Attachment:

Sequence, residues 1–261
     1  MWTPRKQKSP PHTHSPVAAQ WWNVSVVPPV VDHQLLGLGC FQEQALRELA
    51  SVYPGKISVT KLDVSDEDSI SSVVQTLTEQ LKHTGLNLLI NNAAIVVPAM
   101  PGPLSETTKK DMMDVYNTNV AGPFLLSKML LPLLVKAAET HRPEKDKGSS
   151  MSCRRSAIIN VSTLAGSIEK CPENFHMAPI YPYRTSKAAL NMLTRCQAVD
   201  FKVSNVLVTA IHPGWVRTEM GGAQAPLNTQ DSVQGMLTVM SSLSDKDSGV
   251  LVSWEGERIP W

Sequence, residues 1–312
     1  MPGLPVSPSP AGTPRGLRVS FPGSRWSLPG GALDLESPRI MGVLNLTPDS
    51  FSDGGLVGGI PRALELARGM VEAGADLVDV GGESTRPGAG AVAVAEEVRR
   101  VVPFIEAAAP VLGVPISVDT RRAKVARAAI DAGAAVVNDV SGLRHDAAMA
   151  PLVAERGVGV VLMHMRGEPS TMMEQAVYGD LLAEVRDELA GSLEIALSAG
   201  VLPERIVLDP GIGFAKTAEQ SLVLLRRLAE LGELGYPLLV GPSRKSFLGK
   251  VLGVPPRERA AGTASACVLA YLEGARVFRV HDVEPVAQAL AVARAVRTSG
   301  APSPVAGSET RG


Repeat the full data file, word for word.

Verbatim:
Sequence, residues 1–261
     1  MWTPRKQKSP PHTHSPVAAQ WWNVSVVPPV VDHQLLGLGC FQEQALRELA
    51  SVYPGKISVT KLDVSDEDSI SSVVQTLTEQ LKHTGLNLLI NNAAIVVPAM
   101  PGPLSETTKK DMMDVYNTNV AGPFLLSKML LPLLVKAAET HRPEKDKGSS
   151  MSCRRSAIIN VSTLAGSIEK CPENFHMAPI YPYRTSKAAL NMLTRCQAVD
   201  FKVSNVLVTA IHPGWVRTEM GGAQAPLNTQ DSVQGMLTVM SSLSDKDSGV
   251  LVSWEGERIP W

Sequence, residues 1–312
     1  MPGLPVSPSP AGTPRGLRVS FPGSRWSLPG GALDLESPRI MGVLNLTPDS
    51  FSDGGLVGGI PRALELARGM VEAGADLVDV GGESTRPGAG AVAVAEEVRR
   101  VVPFIEAAAP VLGVPISVDT RRAKVARAAI DAGAAVVNDV SGLRHDAAMA
   151  PLVAERGVGV VLMHMRGEPS TMMEQAVYGD LLAEVRDELA GSLEIALSAG
   201  VLPERIVLDP GIGFAKTAEQ SLVLLRRLAE LGELGYPLLV GPSRKSFLGK
   251  VLGVPPRERA AGTASACVLA YLEGARVFRV HDVEPVAQAL AVARAVRTSG
   301  APSPVAGSET RG